What Happened When Parties to a Commercial Contract Included a Term That Modified a Non-Modifiable Statutory Notice Period??

Poole Huffman, LLC

When two sides negotiate and enter into a commercial contract, the law gives them very wide latitude in how they structure that deal and what terms they put into the final contract. The law does not, however, gives parties carte blanche in what they do; there are certain things that are out of bounds as a result of statutes or case law. Getting the most from your commercial contract, then, includes ensuring that the terms you’ve negotiated for and agreed upon are not rendered unenforceable by the law. To make certain your agreement meets these standards, make sure you have representation from a knowledgeable Atlanta commercial contracts lawyer.

A recent breach of contract case before the federal 11th Circuit Court of Appeals highlights an example of this concept. The parties were a North Carolina-based bank and several Venezuelan holders of commercial bank accounts, including a law firm and an investment firm. The contract that governed these accounts was something the bank called its “Commercial Bank Services Agreement.”

The agreement imposed certain obligations on the account holders. It said that the account holders had only 30 days to inform the bank about any unauthorized transactions on their accounts and that they had only 10 days to notify the bank if they failed to receive a monthly statement from the bank.

Across four months in 2016, approximately $850,000 moved from the investment firm’s account to an outside account, allegedly as a result of fraudulent transfers. Eventually, the account holders sued the bank, alleging that the bank owed them a statutory obligation to return the $850,000 they lost as a result of the fraudulent wire transfers.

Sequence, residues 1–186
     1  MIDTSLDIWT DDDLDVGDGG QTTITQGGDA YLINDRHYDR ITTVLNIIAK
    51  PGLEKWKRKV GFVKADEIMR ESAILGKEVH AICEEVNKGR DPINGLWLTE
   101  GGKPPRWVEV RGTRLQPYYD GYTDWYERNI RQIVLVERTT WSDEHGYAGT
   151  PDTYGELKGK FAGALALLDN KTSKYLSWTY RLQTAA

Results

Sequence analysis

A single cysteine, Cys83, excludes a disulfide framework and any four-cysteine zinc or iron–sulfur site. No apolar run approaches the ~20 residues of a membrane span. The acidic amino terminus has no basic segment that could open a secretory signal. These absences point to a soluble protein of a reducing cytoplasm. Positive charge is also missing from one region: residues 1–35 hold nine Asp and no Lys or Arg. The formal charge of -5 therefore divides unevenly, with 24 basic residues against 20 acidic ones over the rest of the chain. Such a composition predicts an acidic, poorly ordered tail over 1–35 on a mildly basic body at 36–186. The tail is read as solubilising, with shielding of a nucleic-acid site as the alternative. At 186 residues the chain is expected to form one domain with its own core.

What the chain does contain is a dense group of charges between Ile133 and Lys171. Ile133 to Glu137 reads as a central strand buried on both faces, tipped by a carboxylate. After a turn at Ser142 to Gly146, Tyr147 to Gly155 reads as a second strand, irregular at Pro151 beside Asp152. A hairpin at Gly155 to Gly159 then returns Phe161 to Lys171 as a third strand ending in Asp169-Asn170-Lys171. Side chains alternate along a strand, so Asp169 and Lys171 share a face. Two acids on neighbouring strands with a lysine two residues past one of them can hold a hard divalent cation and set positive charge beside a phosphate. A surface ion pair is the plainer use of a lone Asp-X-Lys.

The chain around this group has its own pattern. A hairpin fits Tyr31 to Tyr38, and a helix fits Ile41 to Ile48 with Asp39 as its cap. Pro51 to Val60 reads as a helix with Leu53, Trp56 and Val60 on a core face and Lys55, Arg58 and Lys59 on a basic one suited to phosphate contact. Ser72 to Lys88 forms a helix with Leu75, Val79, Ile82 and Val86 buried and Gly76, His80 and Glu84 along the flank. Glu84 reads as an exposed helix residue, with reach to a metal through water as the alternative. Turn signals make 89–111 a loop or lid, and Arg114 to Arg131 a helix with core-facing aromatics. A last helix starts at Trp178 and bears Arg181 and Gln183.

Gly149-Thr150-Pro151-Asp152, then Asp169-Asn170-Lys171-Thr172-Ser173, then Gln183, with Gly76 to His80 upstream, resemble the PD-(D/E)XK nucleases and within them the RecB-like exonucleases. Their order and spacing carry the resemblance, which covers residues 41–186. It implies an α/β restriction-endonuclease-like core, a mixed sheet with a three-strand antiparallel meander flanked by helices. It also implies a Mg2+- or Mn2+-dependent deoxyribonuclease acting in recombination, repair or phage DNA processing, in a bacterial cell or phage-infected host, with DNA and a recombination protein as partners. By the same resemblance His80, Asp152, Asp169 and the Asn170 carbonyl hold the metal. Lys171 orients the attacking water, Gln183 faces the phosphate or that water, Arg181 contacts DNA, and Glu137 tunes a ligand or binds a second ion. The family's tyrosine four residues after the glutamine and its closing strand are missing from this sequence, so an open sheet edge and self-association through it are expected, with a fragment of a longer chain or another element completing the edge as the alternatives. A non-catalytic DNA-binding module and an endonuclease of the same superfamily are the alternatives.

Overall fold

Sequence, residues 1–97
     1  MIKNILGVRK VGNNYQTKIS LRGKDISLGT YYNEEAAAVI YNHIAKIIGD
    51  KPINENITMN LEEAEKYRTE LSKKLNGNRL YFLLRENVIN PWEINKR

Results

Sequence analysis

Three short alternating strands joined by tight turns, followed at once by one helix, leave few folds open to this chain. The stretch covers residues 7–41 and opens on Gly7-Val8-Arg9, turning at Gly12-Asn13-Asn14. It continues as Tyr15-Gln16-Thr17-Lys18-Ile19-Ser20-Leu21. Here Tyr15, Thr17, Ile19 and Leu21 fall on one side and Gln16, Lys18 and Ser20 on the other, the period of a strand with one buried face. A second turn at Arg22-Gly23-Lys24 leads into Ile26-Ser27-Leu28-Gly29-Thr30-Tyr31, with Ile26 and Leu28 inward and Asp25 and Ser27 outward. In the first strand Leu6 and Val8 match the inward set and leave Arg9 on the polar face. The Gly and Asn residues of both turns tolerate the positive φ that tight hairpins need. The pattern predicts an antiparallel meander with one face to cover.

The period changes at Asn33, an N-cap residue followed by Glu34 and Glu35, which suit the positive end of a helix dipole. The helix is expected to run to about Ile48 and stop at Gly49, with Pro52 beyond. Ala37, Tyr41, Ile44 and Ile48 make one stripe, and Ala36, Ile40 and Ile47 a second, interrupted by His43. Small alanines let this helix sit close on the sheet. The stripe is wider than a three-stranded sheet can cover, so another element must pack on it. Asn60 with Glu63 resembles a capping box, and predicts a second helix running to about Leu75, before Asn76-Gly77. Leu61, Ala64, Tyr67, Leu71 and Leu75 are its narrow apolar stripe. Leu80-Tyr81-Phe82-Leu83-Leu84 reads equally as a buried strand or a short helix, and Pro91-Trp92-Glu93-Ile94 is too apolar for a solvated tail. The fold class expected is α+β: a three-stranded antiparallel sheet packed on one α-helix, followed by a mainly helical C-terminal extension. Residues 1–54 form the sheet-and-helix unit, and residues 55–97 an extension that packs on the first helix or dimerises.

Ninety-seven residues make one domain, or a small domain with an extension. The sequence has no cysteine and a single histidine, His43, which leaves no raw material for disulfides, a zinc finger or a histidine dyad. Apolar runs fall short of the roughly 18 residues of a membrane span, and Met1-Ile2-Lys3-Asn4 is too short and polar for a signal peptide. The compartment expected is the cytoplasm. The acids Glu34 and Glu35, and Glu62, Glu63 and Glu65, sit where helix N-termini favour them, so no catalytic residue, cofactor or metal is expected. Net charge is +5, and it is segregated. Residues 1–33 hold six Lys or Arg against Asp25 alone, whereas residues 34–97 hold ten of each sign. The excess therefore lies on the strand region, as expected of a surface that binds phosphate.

The bank asked the federal court to dismiss the case, using the terms of the agreement to support its position. The bank’s argument essentially was, “all parties had valid agreements that required notification within 30 days and the account holders did not meet that deadline, so we owe no obligation to refund the money.”

The 11th Circuit Court of Appeals rejected the bank’s argument. The law in Florida, which was where the plaintiffs had opened their accounts with the bank, says that account holders have one year to demand a refund of a fraudulent wire transfer. That statutory period was not modifiable, the court said, meaning that the contractual provision that shortened the period down to 30 days was not enforceable.

A Contract Clause that Would ‘Eviscerate’ Statutory Protections 

Ruling otherwise, and concluding that the deadline was modifiable by contract, “would allow banks to eviscerate the protection” the law creates. The policy behind the law was that banks, not account holders, should “bear the risk of a fraudulent transfer for the first year following the transfer.” Allowing parties to rewrite that burden allocation using contracts would undermine that policy. As the appeals court noted, “if the one-year statutory notice period could be varied, then banks could insist that customers sign contracts that make the time to demand a refund of a fraudulent payment a day (or even less). That would impair the account holder’s right to a refund and defeat” the intent of the statute.

The key thing to keep in mind is that there are a lot of rights and privileges you can amass unto yourself through effective contract negotiation, but the freedom to contract does not give you a blank slate. Before you decide whether a proposed contract is a good deal or not for your business, you need to be sure all of the terms in the proposed agreement are enforceable. Whether you’re negotiating, executing, or reviewing a commercial contract, count the knowledgeable Atlanta commercial contracts attorneys at Poole Huffman, LLC to ensure you walk away with an agreement that meets your needs… and is fully enforceable. Contact our attorneys online or by calling 404-373-4008 to schedule your confidential consultation today

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